I got the call in the late afternoon. It was the health insurance broker, and he was apologetic. I don't want to be a snitch, he said, but I feel like as a good neighbor, you need to know. The insurance broker lives one street away, so he actually is a neighbor. My heart started pounding. The broker continued, I was coaching T and K baseball this morning with my son R, and the twins claimed they'd been shot in the back with a BB gun. They said it had made a mark, and Oliver had done it. I thought you should know. My heart stopped pounding, and now I felt annoyed. A BB gun? I said, We don't own a BB gun. We would never own a BB gun. Those boys are all nuts, I added. Well, that's what they're saying, the broker said, and I thought you should know.
Here's the background. We live in a fantastic neighborhood, right in the middle of Los Angeles, where the kids run free and wild, into and out of each other's houses and yards. The kids all happen to be boys, too, in ages ranging from about three or four (he's not free to run around, but he tries to!) to Henry, who is the oldest at thirteen. I've long since given up the protective watching of their every move in what I call benign neglect -- I can't stand boy games, anyway, or sports -- watching them careen around, wrestling, having nerf gun wars, climbing trees and jumping off of shed roofs is enough to tax the heart in negative ways, so I go inside, one ear cocked for screams that sound bloody. I assured the neighbor that I'd find out what the hell was going on with the BB gun allegations and get back to him.
The first person I called was the twins' mother. One of the twins' mothers, I should say, and emphasize that these mothers are about the coolest ones you could imagine. That they have not one, but two boys that are bruisers in the best sense of the word is highly amusing, and I knew that whatever had happened, they would be cool about it.
So, I understand that one of the twins was hit with a BB gun by Oliver? I asked.
That's what the boys said, she confirmed, but we didn't want to make a big deal out of it. We know how wild they all get.
Well, I just don't know what to say, I said, we absolutely do not have a BB gun, nor would I allow such a thing in my house or in my kids' hands. Are you sure it wasn't a Nerf gun?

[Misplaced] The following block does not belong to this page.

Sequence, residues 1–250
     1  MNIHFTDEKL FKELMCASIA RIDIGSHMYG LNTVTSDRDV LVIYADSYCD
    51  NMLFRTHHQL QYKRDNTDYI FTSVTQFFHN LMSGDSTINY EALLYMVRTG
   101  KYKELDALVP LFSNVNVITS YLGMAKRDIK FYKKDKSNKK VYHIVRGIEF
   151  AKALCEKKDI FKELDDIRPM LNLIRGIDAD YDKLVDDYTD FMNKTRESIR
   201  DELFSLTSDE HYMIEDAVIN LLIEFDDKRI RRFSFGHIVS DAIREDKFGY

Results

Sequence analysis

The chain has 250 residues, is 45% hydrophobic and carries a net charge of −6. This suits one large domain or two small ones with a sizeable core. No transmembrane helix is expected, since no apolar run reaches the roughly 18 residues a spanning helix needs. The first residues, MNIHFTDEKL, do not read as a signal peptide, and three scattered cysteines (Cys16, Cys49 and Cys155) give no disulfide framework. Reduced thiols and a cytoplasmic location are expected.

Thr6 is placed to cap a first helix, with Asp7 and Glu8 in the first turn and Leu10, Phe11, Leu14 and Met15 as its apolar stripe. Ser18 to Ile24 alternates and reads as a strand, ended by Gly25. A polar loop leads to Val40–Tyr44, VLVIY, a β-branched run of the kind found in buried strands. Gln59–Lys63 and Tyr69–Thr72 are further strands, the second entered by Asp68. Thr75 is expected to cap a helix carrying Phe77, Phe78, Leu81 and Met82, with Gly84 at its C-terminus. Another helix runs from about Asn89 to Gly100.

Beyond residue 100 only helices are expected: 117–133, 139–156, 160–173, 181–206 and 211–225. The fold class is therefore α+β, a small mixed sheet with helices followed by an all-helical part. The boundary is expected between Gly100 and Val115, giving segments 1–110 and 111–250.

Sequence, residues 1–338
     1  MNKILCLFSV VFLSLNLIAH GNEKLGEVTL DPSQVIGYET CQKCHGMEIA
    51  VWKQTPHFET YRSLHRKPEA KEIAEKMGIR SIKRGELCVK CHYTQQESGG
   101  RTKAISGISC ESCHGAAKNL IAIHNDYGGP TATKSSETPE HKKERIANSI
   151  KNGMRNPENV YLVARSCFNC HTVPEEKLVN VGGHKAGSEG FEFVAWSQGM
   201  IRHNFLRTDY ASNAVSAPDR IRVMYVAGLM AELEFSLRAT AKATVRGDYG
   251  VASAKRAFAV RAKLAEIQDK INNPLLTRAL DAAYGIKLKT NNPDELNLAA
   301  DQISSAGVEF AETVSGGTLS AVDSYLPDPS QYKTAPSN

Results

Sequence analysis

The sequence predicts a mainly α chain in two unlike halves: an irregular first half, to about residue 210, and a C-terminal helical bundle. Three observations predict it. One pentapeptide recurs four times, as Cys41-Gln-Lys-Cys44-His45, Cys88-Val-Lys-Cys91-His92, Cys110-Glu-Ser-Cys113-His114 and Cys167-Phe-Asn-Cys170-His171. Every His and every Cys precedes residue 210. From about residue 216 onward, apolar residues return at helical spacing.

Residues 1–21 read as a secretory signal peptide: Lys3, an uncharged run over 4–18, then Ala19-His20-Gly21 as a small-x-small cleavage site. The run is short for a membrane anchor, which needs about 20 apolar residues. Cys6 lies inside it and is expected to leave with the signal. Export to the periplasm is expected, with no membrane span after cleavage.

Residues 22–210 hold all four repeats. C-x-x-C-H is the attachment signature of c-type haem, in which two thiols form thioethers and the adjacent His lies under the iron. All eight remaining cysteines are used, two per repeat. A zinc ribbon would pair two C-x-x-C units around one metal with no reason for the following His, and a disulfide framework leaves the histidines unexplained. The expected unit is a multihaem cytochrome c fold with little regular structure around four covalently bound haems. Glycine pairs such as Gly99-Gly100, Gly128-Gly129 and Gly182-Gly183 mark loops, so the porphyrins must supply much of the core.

It made a mark, the mom replied. Jesus Christ, I thought. And what the hell? I hung up the phone and called Oliver who was at the neighborhood fair with a friend and his father. When the father answered the phone, I asked him if his son (who lives across the street) had a BB gun that could have perhaps been used that morning. NO! he exclaimed and then put Oliver on the phone.
Oliver, did you shoot T with a BB gun this morning? I asked.
It's not a BB gun, Mom, Oliver replied, and he sounded nervous.
Well, what kind of gun was it? I asked. My heart was pounding now, again.
Just a gun. Mom. I bought the gun. Now Oliver's voice is starting to break.
What do you mean you bought it? I asked, my voice rising. Where did you buy it?
I bought it at the park! Oliver is crying a little now.
You bought it at the park? From who? My voice is now completely "risen."
From a MAN, Oliver cried.
A MAN? I shouted, What MAN? The night before I had finished my Breaking Bad marathon, and one of the episodes featured an eleven year old kid who had been hired by drug thugs to assasinate people. It was chilling, to say the least, and I felt for a moment as if my life had truly morphed into Breaking Bad instead of my having the fantasy of breaking bad, it was happening.
The man! The man who sells ice-cream! Oliver is sobbing now. I'm sorry, Mom! I bought it with my own money, I promise. I'm sorry.
Oliver, how much was it? I said, still confused and upset.
A dollar, Mom, it was a dollar! My heart stopped pounding, and I lowered my voice, reassuring Oliver that it was all right. It just scared me. I then told him that he was never to buy anything from anyone without my permission. I told him that he was absolutely not to use the gun, again, and that I was disappointed he'd hidden it from me and then actually hurt someone with it. I asked him where he'd hidden it and told him that I would keep it until he was more responsible. I did all the right parenting things, I guess, and then just shook my head, acknowledging that my influence as a liberal-leaning, pacifist Democrat was probably about as great as the conservative-leaning, patriotic Republican influence of my parents on me.